Can you imagine the reelection prospects of a DA sending 19 year old college kids with fke IDs off to prison for 20 years? Puts it in perspective just how awful this is.

  3. “Can you imagine the reelection prospects of a DA sending 19 year old college kids with fke IDs off to prison for 20 years? Puts it in perspective just how awful this is.”

    The message is clear, regardless where they take this thing. Don’t mess with our money making power machine over silly things like murdering babies in the womb, or you’ll pay dearly. In the old Soviet Union, these same offenders of the almighty state would have been facing lobotomies or something as evil..

  4. “Don, would you mind taking a look at my story?”

    Good analysis my bruin friend. I think spite is the best explanation for the charges, which seem like very weak tea to me, but have made quite a splash nationally in the news which may have been the point. The alteration of the driver’s license is I think under section 37.10 (6)(d)(3) of the Texas penal code:

    (d) An offense under this section, if it is shown on the trial of the offense that the governmental record is described by Section 37.02(2)(D), is:

    (1) a Class B misdemeanor if the offense is committed under Subsection (a)(2) or Subsection (a)(5) and the defendant is convicted of presenting or using the record;

    (2) a felony of the third degree if the offense is committed under:

    (A) Subsection (a)(1), (3), (4), or (6); or

    (B) Subsection (a)(2) or (5) and the defendant is convicted of making the record; and

    (3) a felony of the second degree, notwithstanding Subdivisions (1) and (2), if the actor’s intent in committing the offense was to defraud or harm another.


    Note that the state will have to prove that the licenses either defrauded or harmed Planned Parenthood. This is a bizarre charge and obviously brought to simply bring a felony into play in the case.

  5. Thanks, Don. That title just doesn’t seem to fit this, whereas there are specific statutes for drivers licenses in the Transportation Code. It seems like the title you cite has more to do with altering court records, school records, etc. Is that the statute they charged? Now “harm” is interesting because the only “harm” that could be alleged is harm to their reputation. A clever and determined defense counsel could have a field day with that, and it would open discovery and subpoena power for the defense against PP. I’m sure there’s case law on all this, Don. Why don’t you research it and memo it all out for us 😉 Seriously, congratulations. You have done the best work on this item.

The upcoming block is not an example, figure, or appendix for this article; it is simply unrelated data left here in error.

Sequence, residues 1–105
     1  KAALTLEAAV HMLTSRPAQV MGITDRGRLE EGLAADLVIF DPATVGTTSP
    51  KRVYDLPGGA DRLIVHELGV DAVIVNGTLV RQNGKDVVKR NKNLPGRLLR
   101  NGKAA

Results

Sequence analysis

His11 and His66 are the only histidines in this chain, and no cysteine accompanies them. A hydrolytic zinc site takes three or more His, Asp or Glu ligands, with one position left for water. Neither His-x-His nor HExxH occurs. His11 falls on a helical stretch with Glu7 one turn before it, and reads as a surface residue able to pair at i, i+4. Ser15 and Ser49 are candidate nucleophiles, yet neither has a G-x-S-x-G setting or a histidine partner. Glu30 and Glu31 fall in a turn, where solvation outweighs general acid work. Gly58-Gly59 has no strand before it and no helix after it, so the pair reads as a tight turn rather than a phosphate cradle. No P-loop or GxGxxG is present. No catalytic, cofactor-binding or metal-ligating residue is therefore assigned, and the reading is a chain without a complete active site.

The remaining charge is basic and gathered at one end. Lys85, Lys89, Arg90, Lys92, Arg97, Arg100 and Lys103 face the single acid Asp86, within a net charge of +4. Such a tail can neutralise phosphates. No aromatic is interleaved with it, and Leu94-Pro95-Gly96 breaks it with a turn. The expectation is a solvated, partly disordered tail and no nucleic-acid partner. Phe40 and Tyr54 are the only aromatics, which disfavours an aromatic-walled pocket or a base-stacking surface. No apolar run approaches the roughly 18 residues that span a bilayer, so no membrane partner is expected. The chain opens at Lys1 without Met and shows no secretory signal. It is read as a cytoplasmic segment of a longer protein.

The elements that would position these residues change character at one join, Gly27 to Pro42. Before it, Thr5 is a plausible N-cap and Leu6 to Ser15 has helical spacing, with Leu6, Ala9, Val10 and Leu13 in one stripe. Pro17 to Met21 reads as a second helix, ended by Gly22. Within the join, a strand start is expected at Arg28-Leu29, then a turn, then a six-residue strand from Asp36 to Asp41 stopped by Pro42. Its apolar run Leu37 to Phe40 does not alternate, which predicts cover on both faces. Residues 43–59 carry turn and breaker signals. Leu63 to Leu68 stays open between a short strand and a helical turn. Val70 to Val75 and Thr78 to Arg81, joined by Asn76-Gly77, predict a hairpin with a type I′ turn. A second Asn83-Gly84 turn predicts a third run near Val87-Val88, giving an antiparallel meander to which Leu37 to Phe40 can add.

6. I’ve said for years that the part of the story Hans Christian Andersen left out was where the Emperor had every citizen of the capital blinded and their tongues torn out. Which is why, even to this day, people still talk about the Emperor whose new clothes so bedazzled the people that they lost all power of sight and speech, such was the magnificence of his finery.

  7. I agree w/ Bear.
    Thanks for your insights and experience.
    Harm done to PP? It’s so bizarre and sickening. This is about the ripping apart of tiny babies and selling their parts…but wait.
    It’s about the poor dismantlers….the harm done to them. As mentioned before, Cam, follow the $. So true CAM. Money and protection for the abortion pimps.
    Sick times indeed.

    And the whole of Heaven weeps along with Jesus.

  8. Given the legal discourse we’ve read on this site, it could just be that Ms, Devon Anderson has stepped in a Texas size cow pie.

  9. So why was Chip Lewis, the pro-abortion attorney, a donor of supposedly pro-life Devon Anderson back in 2013 / 2014? Pro-abortionists are generally Democrats and do not typically support pro-life Republicans. None of this makes any sense to me.